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  5. "È vissuto fino a settant'ann…

"È vissuto fino a settant'anni."

Translation:He lived to be seventy years old.

February 12, 2015


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Counting it wrong because i didn' t write "old", come on Duolingo!

February 12, 2015


why is it used è ? i suppose it must be ha

April 3, 2016


Vivere is one of the verbs which can be used with either avere or essere as an auxiliary verb. As I understand it, when the main verb is used intransitively as a state, the auxiliary must be essere. In other cases avere is used, but the literal translation in English is still the same:

  • È vissuto fino a settant'anni = He have lived to be seventy years old
  • Ha vissuto qui per settant'anni = He have lived here for seventy years
June 28, 2016


I should think that you have a tipo there because it has to be: "he haS lived to be ........... " and "he haS lived here ....... " If you write " ... haVe lived to be ...." it would have to be "THEY have lived to be ....... or THEY have lived here ........ "

September 17, 2018


Can this be she? Or would she be "È vissuta fino a settant'anni?"

May 27, 2016


Yes, when the auxiliary verb is essere, the past participle must agree on gender and number with the subject:

  • (lui) è vissuto fino a settant'anni = he lived to be seventy years old
  • (lei) è vissuta fino a settant'anni = she lived to be seventy years old
  • (loro) sono vissuti fino a settant'anni = they lived to be seventy years old (males or mixed)
  • (loro) sono vissute fino a settant'anni = they lived to be seventy years old (females)
June 28, 2016


Did he die then?

July 26, 2017


Could someone bring some sense in that sentence please? I do not have a clue why one would say that.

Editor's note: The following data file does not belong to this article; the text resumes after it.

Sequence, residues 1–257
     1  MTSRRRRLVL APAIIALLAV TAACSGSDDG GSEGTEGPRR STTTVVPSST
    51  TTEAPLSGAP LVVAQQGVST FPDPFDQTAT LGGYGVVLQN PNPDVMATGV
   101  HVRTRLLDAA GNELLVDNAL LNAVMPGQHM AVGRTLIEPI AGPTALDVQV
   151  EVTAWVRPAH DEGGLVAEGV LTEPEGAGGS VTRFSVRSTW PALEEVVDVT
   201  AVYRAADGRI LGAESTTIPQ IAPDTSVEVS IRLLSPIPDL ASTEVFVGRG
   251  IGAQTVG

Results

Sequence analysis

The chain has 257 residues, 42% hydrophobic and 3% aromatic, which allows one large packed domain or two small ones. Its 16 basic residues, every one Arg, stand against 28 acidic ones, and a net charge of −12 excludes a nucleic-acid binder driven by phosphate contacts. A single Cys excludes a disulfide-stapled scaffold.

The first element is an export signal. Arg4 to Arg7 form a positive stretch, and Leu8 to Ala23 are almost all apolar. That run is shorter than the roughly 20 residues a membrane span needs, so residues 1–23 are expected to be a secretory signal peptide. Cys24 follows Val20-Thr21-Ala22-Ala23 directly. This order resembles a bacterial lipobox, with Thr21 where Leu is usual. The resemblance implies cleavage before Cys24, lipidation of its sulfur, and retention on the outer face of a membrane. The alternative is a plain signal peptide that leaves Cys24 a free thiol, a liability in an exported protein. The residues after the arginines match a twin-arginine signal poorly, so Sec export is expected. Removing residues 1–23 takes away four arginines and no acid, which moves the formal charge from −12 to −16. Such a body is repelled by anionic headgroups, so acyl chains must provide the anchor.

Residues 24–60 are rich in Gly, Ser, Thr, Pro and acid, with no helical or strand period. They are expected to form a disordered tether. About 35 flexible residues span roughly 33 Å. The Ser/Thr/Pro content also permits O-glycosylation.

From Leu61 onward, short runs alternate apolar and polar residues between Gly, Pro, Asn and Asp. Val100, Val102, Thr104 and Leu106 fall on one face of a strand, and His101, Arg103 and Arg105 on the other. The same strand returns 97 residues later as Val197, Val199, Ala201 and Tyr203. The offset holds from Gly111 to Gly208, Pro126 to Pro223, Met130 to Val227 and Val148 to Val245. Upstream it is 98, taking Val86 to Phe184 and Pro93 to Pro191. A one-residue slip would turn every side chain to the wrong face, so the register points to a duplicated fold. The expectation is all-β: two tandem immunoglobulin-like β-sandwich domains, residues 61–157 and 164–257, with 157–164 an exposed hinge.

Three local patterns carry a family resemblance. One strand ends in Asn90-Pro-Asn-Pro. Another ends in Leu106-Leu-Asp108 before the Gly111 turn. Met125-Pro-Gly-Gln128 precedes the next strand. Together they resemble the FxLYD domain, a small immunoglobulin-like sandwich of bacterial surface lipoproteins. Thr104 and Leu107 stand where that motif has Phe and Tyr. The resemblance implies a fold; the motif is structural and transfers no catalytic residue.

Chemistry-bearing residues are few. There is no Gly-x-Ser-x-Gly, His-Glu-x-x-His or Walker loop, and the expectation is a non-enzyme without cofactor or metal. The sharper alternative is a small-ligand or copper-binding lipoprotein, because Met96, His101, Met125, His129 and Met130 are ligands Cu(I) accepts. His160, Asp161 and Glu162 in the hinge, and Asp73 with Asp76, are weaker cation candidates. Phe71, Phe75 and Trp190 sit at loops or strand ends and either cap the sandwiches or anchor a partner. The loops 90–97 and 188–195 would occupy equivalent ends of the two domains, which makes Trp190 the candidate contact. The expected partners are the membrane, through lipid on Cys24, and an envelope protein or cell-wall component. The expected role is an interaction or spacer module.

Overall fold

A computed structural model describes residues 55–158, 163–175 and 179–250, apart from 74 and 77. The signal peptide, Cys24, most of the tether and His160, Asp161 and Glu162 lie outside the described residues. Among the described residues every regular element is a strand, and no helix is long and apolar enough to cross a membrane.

Or is it more "I have lived (at a place?) until I was seventy"?

June 26, 2015


At a eulogy maybe, or speaking facts of someone who is dead. Alternatively answering the question "How long did he live?"

July 5, 2015


No, I can't. There is no sense.

February 24, 2019


so he is dead now?

September 4, 2018


Correct answer given by Duo is " He lived to be seventy years". Is this correct to say so in English?

September 12, 2018


I said "He lived to seventy years" and was marked wrong. Technically there is no "to be" in the Italian sentence, so I think mine should be accepted but maybe I'm missing something else...

December 18, 2018


Duolingo finds "He lived for seventy years" acceptable.

February 1, 2019


That translation doesn't make any sense.

March 12, 2019


Can anyone explain why until the seventies (1970+) wouldn't be a correct translation?

March 17, 2019


I can't identify the word "there" in this translation ?

March 18, 2019


To me this literally says; he lived until seventy years. But I get how this could mean; he lived until he was seventy years old. But where does the "there" come from ?

March 18, 2019


This translation confuses me because Duo says there are two correct answers but they are very different in English. One means he lived to be 70 years old, meaning he has died; and the other means he has lived to be 70 years old, implying he is still alive. Is this just a translation quirk?

April 9, 2019
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